Sorry for the late thread, here’s your line up.
On the mound is Hiroki Kuroda. Enjoy.
The Yankees may or may not make the postseason. The answer is probably not. Right now, I’m much more concerned with my favorite late-season possibility: the three-way tie.
We all remember some of the classic playoff tiebreaker games. But we’ve never had a three-way tiebreaker. That scenario used to be pretty amazing, but the new wildcard system has made it even crazier.
If three teams finish with the same record for the two wild card spots, the following happens:
In a situation where there is a three way tie between non division winners and there is no other non division winner with a better record claiming wild card 1; a tiebreaker eliminating 1 of the 3 teams will follow. Based on a group head to head record. Teams A, B and C will be created. Team B will travel to team A. The winner wins wild card one. The loser will go to team C. The winner of that game wins wild card two.
You know how baseball players sometimes hit the proverbial wall?
if you hit the wall when you are trying to achieve something, you reach a situation where you cannot make any more progress
Usually, it’s prevalent in pitchers – both starters and relievers- and in fact, our own Hiroki Kuroda seems to have hit that wall and has kept on hitting it repeatedly for over a month now.
Well, sometimes bloggers and writers hit the wall as well. I, unfortunately, crashed into it about two weeks and I’m still recovering.
So instead of writing nonsense about baseball because it seems like all I ever write about lately is nonsense, I’m going to post a couple of pictures of me with some former Yankees I had the pleasure of meeting this past weekend at a cancer fundraiser.
And here I am with David Cone:
I was able to talk to Coney for a few minutes and I was surprisingly calm and I didn’t make an ass out of myself.…
I’ve convinced myself that A) the Yankees don’t deserve to make the playoffs, and B) they won’t make the playoffs. Yes, it’s possible, and I was fairly optimistic as recently as last week, but the series against the Red Sox and the two games against the Blue Jays have hinted at an offense which isn’t that much different from the beginning of the season. So many fans (and the Yankee players) believe they have the team has the capability of making a strong run over the next 10 games. There’s an improved lineup, a beneficial schedule, and they’re only 2.5 games out. But there are so many teams to jump over, it’s hard to imagine everything going their way. On top of that, the lineup has shown their true colors. After putting up a .267/.337/.417 line in August, they’ve now hit .234/.304/.384 in September. The pitching performed equally as bad.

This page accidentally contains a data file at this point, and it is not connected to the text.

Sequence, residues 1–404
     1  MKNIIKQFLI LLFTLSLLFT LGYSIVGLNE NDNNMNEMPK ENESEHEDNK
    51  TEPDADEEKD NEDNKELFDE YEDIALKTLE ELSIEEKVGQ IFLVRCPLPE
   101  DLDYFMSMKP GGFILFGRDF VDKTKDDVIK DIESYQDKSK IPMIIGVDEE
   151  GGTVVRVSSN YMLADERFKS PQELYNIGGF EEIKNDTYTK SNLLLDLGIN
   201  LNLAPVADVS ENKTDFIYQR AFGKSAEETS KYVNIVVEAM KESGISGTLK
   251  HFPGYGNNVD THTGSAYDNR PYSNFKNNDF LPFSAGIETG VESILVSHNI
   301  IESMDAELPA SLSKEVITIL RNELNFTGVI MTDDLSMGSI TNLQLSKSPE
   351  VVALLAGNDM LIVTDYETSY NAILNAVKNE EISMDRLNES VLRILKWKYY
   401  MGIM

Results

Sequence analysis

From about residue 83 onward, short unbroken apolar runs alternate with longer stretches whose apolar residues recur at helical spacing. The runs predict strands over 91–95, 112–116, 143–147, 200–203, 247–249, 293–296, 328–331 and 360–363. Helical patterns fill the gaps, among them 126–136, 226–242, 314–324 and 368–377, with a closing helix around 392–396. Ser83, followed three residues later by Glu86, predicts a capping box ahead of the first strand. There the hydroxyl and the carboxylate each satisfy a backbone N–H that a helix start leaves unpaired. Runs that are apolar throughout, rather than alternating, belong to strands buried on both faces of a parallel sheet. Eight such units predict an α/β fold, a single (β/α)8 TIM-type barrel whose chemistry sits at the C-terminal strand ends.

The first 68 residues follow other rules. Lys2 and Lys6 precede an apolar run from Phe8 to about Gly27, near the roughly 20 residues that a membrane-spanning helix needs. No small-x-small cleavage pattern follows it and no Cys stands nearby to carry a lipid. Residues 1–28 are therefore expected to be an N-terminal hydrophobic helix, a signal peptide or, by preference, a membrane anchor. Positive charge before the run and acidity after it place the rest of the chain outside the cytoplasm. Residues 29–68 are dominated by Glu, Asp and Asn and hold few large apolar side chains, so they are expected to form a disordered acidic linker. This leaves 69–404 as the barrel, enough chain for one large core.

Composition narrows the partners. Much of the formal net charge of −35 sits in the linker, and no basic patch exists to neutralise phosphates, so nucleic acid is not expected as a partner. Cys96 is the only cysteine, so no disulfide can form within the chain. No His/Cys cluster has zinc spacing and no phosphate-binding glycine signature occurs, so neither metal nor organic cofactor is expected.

So is it possible? Sure. You can’t predict baseball, but the odds are terrible.…
In case you hadn’t heard, Mariano Rivera is retiring after the end of this season. When he does, he’ll leave the Yankees with a decision to make that they haven’t had to consider for the last 17 years- who takes over for him and assumes the closer role in 2014? The smart money all season has been on David Robertson, Mo’s long time setup man, one of the best late-game relievers in baseball, and magna cum laude graduate of the Mariano Rivera School of Relief Pitching. But last night something happened that brought that potential passing of the torch into question.
With 2 outs and a runner on second in the 8th, Joe came out to remove D-Rob and go to Mo. Not only that, he came out in the middle of an at-bat after D-Rob had already thrown a pitch to yank him. While it might not seem like much, it’s another instance of Robertson not being shown a lot of faith as the heir apparent and it raises the question of whether the Yankees really do view him as Mo’s successor.…
Let’s just focus on the eighth inning, shall we?
I don’t really want to talk about Phil Hughes and David Huff both giving up home runs in the fourth to give the Jays a 3-0 lead. Nor do I want to discuss the fact that the Yankees’ offense couldn’t do anything against J.A. Happ.
Oh wait, I just did.
Anyway, let’s flash forward to the eighth when John Gibbons did us all a favor by removing Happ from the game after he surrendered a ground-rule double to Brendan Ryan. Dude, Brendan Ryan? Really? I would have given you the hook as well.
Next, Gibbons called upon Steve Delabar to keep the Yankees off the board. He started off well enough by striking out Alex Rodriguez but then he gave up an RBI single to Robinson Cano which cut the score to 3-1. Granderson advanced to second.…
Here’s your game thread.
Let’s hope tonight’s game is better than the previous four games have been.
What’s the over/under on how many Yankees J.A. Happ hits tonight? 2? 3?
Let’s hope it’s none.
Also, what’s the over/under for how many home runs Phil Hughes surrenders?
Again, let’s hope it’s none.